So this strike won't change the ugly reality we live in today - where over the past 30 years or so the 1% have accumulated 21 trillion dollars, while the rest of us have lost 900 billion dollars.


It is a fight not only for teachers, but all of us!

Monday, November 4, 2019

Assessing The Chicago Teacher Strike - A View from the Inside - Part 1

Using the strike weapon is why we won those items, and I want all members to understand the true power of withholding our labor. This strike mattered....now is a time for celebrating what we DID win. I want our members to feel the power of collective action. That those 11 days on the pickets and in the streets got us wins we were told were unwinnable. How we forced items like class sizes and staffing into this contract. Not at the levels we need, but it is now there forever more.... We used more democracy than probably any other union, though often imperfect and rushed. I’ll take a small piece of the credit for that, too, as I believe that I, alongside my other fighter friends, helped push for more transparency and rank & file input. Not claiming we did it alone, by any means, but advocating from below is a powerful force to push us towards justice....
Chicago teacher, member of bargaining team and Ex Bd.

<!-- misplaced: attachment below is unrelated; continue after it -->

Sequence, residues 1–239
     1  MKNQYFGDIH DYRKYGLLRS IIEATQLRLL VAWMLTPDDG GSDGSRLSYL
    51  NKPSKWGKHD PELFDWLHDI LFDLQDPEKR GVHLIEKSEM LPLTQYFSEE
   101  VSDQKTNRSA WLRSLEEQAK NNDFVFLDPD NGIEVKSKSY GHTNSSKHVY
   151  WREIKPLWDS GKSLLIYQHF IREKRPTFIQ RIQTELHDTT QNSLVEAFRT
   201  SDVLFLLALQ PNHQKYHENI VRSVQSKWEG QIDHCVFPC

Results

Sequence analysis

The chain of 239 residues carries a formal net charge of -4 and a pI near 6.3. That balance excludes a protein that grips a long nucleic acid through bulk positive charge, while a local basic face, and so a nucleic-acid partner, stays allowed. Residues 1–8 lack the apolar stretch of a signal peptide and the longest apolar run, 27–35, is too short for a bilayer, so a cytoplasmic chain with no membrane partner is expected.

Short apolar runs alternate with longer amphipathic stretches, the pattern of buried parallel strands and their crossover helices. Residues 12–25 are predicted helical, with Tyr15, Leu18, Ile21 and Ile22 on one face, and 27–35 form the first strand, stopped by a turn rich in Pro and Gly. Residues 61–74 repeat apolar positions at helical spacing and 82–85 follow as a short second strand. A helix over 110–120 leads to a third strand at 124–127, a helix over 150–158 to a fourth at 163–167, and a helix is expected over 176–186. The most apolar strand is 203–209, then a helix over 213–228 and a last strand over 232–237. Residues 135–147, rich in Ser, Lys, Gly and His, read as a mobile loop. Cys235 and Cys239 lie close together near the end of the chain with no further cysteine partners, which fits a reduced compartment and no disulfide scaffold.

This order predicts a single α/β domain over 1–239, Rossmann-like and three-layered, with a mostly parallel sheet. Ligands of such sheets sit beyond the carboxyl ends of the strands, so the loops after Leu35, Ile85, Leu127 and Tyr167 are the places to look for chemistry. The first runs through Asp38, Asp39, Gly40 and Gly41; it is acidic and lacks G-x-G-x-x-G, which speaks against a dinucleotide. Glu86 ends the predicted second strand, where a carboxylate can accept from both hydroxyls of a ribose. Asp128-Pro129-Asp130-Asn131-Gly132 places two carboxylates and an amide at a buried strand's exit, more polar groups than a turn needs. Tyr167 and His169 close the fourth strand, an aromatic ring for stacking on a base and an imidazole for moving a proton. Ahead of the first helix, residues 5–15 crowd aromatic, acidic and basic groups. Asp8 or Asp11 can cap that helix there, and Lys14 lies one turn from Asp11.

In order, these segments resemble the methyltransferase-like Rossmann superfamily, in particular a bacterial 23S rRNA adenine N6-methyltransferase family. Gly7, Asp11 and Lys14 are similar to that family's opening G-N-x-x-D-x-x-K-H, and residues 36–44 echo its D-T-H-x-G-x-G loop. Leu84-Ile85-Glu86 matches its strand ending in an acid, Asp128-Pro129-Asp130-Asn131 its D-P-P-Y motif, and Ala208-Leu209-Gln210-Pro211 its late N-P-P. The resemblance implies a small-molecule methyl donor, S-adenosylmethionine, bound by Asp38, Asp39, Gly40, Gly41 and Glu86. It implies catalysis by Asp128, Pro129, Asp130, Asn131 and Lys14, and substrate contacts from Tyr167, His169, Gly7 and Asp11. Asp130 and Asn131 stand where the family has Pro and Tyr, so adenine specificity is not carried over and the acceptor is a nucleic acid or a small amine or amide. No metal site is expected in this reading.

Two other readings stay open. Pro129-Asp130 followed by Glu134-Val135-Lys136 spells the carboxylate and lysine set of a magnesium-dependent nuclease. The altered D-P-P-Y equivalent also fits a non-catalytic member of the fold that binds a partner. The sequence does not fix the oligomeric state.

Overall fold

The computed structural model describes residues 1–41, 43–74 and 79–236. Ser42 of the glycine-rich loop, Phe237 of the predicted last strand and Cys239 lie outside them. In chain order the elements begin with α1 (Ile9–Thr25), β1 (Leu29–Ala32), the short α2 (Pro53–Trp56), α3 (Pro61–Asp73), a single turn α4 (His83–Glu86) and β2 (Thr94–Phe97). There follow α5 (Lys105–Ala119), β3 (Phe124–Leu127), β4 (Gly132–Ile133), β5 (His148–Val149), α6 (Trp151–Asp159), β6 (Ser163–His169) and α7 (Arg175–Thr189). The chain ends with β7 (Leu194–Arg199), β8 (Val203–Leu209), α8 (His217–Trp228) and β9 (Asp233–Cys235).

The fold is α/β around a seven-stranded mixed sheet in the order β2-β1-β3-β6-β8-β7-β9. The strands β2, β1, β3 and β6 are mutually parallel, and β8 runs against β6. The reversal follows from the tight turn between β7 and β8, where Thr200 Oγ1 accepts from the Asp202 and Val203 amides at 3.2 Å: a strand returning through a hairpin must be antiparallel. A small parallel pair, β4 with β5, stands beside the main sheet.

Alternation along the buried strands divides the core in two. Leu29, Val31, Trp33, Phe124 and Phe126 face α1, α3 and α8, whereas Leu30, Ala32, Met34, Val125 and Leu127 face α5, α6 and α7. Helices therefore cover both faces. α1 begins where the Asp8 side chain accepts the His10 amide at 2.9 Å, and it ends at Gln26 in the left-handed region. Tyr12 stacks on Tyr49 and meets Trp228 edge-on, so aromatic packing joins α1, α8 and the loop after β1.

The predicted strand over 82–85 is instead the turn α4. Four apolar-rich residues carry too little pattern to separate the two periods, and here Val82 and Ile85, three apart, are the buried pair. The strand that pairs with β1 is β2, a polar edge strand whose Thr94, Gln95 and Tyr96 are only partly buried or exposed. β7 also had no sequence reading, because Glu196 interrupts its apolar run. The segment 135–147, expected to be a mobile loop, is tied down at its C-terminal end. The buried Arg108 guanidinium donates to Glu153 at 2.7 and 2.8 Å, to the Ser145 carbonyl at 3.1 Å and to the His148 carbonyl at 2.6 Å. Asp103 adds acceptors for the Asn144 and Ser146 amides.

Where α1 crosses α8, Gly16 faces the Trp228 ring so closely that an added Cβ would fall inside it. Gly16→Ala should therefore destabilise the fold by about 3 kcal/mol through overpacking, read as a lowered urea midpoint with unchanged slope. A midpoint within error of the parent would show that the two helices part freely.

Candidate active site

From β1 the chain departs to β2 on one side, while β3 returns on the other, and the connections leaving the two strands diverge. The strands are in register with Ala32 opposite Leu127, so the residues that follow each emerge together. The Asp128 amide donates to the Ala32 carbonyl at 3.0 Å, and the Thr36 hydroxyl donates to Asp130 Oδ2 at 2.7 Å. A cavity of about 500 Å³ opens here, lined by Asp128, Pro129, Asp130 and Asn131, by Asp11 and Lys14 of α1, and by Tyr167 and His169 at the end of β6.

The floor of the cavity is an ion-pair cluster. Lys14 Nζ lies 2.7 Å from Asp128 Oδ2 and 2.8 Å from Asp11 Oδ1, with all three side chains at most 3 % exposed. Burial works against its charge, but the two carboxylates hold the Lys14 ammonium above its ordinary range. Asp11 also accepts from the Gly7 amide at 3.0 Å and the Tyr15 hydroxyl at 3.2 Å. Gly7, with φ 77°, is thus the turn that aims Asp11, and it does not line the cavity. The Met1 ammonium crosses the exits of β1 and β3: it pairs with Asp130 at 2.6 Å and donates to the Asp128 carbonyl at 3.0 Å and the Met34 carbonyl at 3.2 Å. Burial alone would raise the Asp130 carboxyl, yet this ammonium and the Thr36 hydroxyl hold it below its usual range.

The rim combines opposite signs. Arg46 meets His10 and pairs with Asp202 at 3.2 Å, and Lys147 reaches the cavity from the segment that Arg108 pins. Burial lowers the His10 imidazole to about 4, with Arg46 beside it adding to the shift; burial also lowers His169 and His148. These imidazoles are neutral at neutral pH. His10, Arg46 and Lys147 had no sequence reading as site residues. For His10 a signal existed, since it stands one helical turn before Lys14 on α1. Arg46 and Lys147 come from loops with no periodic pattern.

with my teaching income pretty much stagnant for 13 years while expenses keep growing, I figure I probably should be focusing on savings rather than on education reform.... Another CTU  teacher and original member of CORE
This is part of a series of commentary and reposts from fans and critics of
the CTU strike. It is not always easy to compare what happens in the CTU with the UFT - apples and oranges in many ways. But in a series of posts I'm working on about the recent strike and some of the issues that have boiled to the surface with attacks coming at the CTU from the left and of course the right. Remember, the mayor is considered a liberal "progressive" by the press and the right wing. But that puts her in the Joel Klein/Bloomberg territory and she showed it during the strike.

One of the differences between the UFT(Unity Caucus) and the CTU (CORE Caucus) is the willingness to take on the financial world and liberal elites while here the UFT is part of that world.

I was lucky in that I met many of the future leaders of the CTU over 10 years ago at a meeting in Los Angeles and over the years have learned which people can be trusted to give honest assessments instead of spin.

Here is an eloquent report on FB from a member of the bargaining team and an Ex Bd member of the CTU who was somewhat critical over the last contract in 2016.  I met her a few times when we were in Chicago and what passion as a teacher and activist. A hero to many. Following that is one of her pals, another wonderful guy I met, who respects with her but is voting NO. She does one of the best explanations of the power of a strike. My former MORE colleagues should take a page from her book when they push the idea here.

Over the years she has always been open about the problems inside the CTU and CORE, but if there were never problems we would be in a perfect world. She doesn't judge people as evidenced by this comment: